Why do festivals have themes? Is it to ensure the very best work is shown? Is it to expand the potential audience for photography? Is it to promote understanding of the medium? Or is it to fulfill an agenda or the personal desires of a curator?
That’s a lot of questions to start any article with, but I think that the answers to those questions may be quite simple. I have previously written about the criteria that needs to be met to receive funding from arts based institutions, and the need for specific boxes to be ticked. Those boxes are often created with the best intent, however the impact they can have on the physical reality of a photographic or arts festival can be disproportionate to the nature of the funding.
Festivals are not cheap to stage and they are not easy too curate. The genesis of a festival is also worth considering: rarely are they the dream of just one person (although those that I know of that are seem to me to be the most successful), most often they come from a collection of like-minded and well-intentioned individuals willing to give up much of their spare time to make something happen. Such a collective proposition can provide a challenging process (a situation I have personal experience of, as personal agendas come to the fore and feelings of inequality of input raise temperatures and personality traits), and one filled with compromise.
The solution often considered to resolve issues over what work, and which photographers will be involved in a festival when general consensus cannot be reached is the appointment of a curator.
The idea sounds like a good one in theory. Bringing in an expert in the medium to add their profile and connections would be seen by many trustees and festival boards as a positive, but the reality can be fractious, negative and find the festival’s identity being hijacked. The way in which this happens is most often through the adoption of a festival theme set by a curator based upon their own agenda and personal ambition. Any theme set by a curator or any board by its very nature immediately excludes work and creates a festival that is exclusive rather than inclusive.
Some themes are so broad that they cast a wide net, but others are so narrowly defined that very little work actually conforms to its parameters.
Either way work will be rejected for inclusion based on a set of rules created to lead the work and the viewer into a pre-conceived perspective. The theme will not only define the work shown, but also the audience for that work. It will aim to broaden that audiences understanding of the theme, and educate that audience on different aspects related to that theme. These are honourable aims and if achieved they validate the work shown. However, when the work shown is dependent on the theme to be included and not the strength of work in itself, the curation of such a presentation becomes more about the theme and the people or person who chose that theme, rather than a true representation of the quality of work being created.
Self-funded, agenda based exhibitions and festivals make sense in a free democratic society, but when personal agendas look to arts funding to be supported a sense of a totalitarian photographic state can take hold. One in which only certain photographers and certain work get exhibited because they understand the importance of working within the most popular themes of the time.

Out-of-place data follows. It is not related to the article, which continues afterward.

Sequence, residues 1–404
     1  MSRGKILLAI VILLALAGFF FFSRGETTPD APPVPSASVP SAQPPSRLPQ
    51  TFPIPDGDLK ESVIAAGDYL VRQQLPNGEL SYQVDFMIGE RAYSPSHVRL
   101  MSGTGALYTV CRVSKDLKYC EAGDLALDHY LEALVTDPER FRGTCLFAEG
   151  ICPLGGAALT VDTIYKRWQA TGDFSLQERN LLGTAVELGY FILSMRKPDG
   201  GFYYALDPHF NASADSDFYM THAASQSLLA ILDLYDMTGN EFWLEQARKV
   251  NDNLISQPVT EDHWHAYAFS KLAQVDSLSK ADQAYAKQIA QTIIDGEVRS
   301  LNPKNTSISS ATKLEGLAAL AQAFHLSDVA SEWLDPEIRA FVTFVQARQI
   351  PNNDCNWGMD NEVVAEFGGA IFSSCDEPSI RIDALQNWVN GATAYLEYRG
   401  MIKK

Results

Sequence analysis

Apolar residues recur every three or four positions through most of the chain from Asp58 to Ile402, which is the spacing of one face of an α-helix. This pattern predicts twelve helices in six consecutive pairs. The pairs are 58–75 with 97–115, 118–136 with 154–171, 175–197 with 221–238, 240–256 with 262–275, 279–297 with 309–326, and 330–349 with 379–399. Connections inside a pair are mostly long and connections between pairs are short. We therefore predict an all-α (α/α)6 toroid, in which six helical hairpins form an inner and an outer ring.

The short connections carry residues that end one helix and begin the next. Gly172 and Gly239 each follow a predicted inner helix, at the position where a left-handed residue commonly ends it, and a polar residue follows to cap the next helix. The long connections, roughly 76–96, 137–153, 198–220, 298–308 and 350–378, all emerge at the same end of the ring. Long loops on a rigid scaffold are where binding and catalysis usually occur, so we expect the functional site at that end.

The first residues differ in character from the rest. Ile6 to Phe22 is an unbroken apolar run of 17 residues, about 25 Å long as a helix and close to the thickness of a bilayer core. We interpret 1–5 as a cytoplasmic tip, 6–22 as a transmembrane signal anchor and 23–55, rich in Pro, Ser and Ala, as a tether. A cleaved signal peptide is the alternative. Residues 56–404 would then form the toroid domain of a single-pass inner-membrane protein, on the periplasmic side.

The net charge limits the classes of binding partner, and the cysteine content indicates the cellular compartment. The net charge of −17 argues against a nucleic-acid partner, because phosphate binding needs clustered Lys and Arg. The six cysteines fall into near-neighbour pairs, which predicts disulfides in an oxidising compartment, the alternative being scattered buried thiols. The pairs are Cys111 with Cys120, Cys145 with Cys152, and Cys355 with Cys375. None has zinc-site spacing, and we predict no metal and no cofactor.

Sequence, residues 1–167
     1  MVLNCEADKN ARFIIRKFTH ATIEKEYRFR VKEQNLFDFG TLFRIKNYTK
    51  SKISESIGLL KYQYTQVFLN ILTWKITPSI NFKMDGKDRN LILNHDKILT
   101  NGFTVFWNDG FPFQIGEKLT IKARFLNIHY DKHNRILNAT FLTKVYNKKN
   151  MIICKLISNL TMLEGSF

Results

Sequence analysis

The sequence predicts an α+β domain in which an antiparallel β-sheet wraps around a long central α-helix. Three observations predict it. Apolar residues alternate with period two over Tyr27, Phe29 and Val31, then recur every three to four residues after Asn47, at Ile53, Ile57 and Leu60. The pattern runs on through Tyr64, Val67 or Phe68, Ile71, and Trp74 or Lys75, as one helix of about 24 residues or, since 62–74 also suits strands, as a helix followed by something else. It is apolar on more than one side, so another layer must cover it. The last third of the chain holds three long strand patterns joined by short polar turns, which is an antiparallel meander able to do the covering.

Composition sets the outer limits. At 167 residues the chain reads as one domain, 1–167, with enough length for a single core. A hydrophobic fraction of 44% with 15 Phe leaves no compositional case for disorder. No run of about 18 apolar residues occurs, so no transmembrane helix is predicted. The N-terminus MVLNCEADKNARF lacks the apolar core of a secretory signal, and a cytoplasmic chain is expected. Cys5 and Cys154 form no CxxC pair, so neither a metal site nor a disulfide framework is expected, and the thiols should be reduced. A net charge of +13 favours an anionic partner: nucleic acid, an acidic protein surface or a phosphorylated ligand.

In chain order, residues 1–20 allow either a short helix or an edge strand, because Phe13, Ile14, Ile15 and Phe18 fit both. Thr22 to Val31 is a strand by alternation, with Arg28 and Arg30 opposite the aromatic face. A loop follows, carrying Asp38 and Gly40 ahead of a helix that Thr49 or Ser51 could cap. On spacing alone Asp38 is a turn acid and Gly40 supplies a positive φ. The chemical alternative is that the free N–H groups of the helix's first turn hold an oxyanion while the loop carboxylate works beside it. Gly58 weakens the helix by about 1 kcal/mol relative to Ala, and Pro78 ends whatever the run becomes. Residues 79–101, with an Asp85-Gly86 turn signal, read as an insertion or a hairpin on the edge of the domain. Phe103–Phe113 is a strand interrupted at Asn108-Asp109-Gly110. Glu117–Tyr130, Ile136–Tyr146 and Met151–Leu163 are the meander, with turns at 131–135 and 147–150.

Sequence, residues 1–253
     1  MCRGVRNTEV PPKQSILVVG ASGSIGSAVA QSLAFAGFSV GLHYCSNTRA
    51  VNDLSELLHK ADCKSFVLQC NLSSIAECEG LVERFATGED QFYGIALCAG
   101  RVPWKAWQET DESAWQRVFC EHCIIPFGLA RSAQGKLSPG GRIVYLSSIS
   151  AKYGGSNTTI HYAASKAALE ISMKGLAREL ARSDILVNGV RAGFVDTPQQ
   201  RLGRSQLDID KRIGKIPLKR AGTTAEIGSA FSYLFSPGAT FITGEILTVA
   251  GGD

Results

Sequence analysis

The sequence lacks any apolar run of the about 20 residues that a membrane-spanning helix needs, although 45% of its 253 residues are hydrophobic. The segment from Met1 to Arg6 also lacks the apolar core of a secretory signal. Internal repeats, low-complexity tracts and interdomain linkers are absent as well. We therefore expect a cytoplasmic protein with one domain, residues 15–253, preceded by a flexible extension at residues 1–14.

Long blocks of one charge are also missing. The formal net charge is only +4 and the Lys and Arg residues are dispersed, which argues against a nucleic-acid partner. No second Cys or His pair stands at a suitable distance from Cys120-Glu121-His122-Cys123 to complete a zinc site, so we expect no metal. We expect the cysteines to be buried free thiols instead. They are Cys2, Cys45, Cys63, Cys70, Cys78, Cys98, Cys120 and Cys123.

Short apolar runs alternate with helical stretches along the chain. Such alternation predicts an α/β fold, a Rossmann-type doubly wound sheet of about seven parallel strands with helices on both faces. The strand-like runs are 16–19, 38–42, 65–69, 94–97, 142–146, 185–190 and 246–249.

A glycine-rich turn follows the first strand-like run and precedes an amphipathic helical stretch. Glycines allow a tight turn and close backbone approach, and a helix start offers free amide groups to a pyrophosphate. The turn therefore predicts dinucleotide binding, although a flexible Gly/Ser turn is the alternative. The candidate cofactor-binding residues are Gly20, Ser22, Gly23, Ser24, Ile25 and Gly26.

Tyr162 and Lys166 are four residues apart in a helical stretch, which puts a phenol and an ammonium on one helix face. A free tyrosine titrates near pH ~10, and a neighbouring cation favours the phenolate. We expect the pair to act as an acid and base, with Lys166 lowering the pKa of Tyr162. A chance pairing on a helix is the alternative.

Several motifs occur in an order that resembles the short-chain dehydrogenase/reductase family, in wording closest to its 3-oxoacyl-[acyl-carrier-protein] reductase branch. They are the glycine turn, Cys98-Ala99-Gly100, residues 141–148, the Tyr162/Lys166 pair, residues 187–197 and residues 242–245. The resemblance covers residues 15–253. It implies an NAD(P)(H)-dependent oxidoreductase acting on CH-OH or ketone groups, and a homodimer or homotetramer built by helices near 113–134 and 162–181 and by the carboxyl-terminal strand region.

I am not saying those themes are not important, they are, but they can also become too dominant in an environment such as photography, where practice is so diverse. Such diversity in my opinion should and must be promoted to broaden the understanding of photography outside of the already engaged audience.
I have previously written about the need for photography festivals and exhibitions to be more fun, and spoken about the need for them to be more inter-active online. Covid has seen many online initiatives adopted by festivals forced to find an online audience but they have too often been limited to formulaic talks and presentations. To encourage people to travel in the new world to a physical festival may well require the festival organisers to be more imaginative in their presentations, more inclusive in the work shown and more innovative in taking that work and the festival experience online. None of which need a theme to restrict its possibilities.
The idea that festivals should be solely funded through paid for portfolio reviews, arts council funding, pay to enter competitions or the photographers taking part betrays the reality that the formulaic approach to photography and art festivals this century is now tired and ripe for change. Photography has never been more relevant or dominant in our lives, so now is the time to embrace that reality and to rethink the methods in which we connect with those who are currently not attending talks, festivals and exhibitions. We do not need more themes we need more imagination. It is time for the gatekeepers to open the doors to a new audience, new ways of interaction and new understanding of what the role of photography is in the 21st Century.
Dr. Grant Scott is the founder/curator of United Nations of Photography, a Senior Lecturer and Subject Co-ordinator: Photography at Oxford Brookes University, Oxford, a working photographer, documentary filmmaker, BBC Radio contributor and the author of Professional Photography: The New Global Landscape Explained (Routledge 2014), The Essential Student Guide to Professional Photography (Routledge 2015), New Ways of Seeing: The Democratic Language of Photography (Routledge 2019).
Grant’s book What Does Photography Mean to You? including 89 photographers who have contributed to the A Photographic Life podcast is on sale now £9.99 https://bluecoatpress.co.uk/product/what-does-photography-mean-to-you/
© Grant Scott 2021